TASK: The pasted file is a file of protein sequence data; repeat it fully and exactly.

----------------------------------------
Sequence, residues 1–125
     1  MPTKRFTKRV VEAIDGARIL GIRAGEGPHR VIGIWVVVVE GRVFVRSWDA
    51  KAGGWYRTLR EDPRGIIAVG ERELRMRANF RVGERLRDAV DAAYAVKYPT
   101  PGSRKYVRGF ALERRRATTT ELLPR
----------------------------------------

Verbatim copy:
Sequence, residues 1–125
     1  MPTKRFTKRV VEAIDGARIL GIRAGEGPHR VIGIWVVVVE GRVFVRSWDA
    51  KAGGWYRTLR EDPRGIIAVG ERELRMRANF RVGERLRDAV DAAYAVKYPT
   101  PGSRKYVRGF ALERRRATTT ELLPR